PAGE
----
Skip Navigation

Close and don't show again.

Your browser is out of date.

You may not get the full experience here on National Journal.

Please upgrade your browser to any of the following supported browsers:

Reveal Navigation

Mexico Holds Six Suspected in Radioactive-Material Theft Mexico Holds Six Suspected in Radioactive-Material Theft Mexico Holds Six Suspected in Radioactive-Material Theft Mexico Holds Six Suspecte...

share
This ad will end in seconds
 
Close X

Not a member? Learn More »

Forget Your Password?

Don't have an account? Register »

Reveal Navigation
 

 

Global Security Newswire

Mexico Holds Six Suspected in Radioactive-Material Theft

December 9, 2013

Mexican authorities on Friday said six people were in custody on suspicion of involvement in last week's theft of a truck carrying a now-recovered supply of a highly radioactive substance, the New York Times reported.

The group included two men suspected of stealing the radioactive cobalt-60, as well as four possible collaborators, according to officials in Mexican state of Hidalgo. It was uncertain how police tied the group to the case, and it remained unclear whether the suspects could have deliberately targeted the potential radiological "dirty bomb" ingredient.

A 16-year-old boy in the group was showing symptoms of possible radiation poisoning, such as vomiting. Observers predicted dire health consequences for the thieves last week, after the cobalt was found abandoned outside its protective casing on Wednesday. Health personnel, though, released all six suspects into police custody from a medical site located roughly 60 miles north of Mexico City.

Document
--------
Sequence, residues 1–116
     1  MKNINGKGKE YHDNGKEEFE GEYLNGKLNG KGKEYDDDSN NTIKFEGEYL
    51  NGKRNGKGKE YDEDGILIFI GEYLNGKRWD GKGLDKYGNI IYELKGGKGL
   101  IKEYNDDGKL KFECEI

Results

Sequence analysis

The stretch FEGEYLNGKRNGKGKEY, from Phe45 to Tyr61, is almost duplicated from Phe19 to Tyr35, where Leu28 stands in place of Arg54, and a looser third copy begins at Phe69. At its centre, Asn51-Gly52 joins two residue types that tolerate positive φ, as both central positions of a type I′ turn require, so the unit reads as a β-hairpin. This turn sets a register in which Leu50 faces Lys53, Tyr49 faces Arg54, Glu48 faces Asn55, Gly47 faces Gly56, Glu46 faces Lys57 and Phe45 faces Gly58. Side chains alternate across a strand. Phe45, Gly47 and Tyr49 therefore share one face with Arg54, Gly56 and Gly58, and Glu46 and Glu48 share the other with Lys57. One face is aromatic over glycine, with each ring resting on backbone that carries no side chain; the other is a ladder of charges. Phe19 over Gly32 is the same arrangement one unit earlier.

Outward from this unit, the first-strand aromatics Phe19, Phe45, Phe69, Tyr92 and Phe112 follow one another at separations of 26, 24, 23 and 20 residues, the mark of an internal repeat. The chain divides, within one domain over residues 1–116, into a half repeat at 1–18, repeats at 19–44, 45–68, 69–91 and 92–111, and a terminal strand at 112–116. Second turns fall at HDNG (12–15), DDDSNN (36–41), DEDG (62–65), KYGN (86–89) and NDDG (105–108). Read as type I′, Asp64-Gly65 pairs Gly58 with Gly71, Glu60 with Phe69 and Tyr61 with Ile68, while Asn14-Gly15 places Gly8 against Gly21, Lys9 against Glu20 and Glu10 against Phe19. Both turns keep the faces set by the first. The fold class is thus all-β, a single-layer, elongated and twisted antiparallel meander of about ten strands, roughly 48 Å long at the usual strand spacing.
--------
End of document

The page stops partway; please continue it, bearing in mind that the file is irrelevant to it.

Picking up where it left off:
A civil protection office said no signs of radiation exposure have yet emerged among locals in Hueypoxtla, where the cobalt turned up, CNN reported on Saturday. Authorities restricted access for more than a quarter-mile around the site of the material, according to Juan Eibenschutz, head of Mexico's National Commission of Nuclear Safety and Safeguards.

The government's lack of special technology to handle the material means the process of clearing it up could drag out for weeks, Eibenschutz said. Mexico could reach out to Canada, the United States or the International Atomic Energy Agency for assistance, according to CNN.

This article was published in Global Security Newswire, which is produced independently by National Journal Group under contract with the Nuclear Threat Initiative. NTI is a nonprofit, nonpartisan group working to reduce global threats from nuclear, biological, and chemical weapons.

This article was published in Global Security Newswire, which is produced independently by National Journal Group under contract with the Nuclear Threat Initiative. NTI is a nonprofit, nonpartisan group working to reduce global threats from nuclear, biological, and chemical weapons.

Get us in your feed.
 
Comments
comments powered by Disqus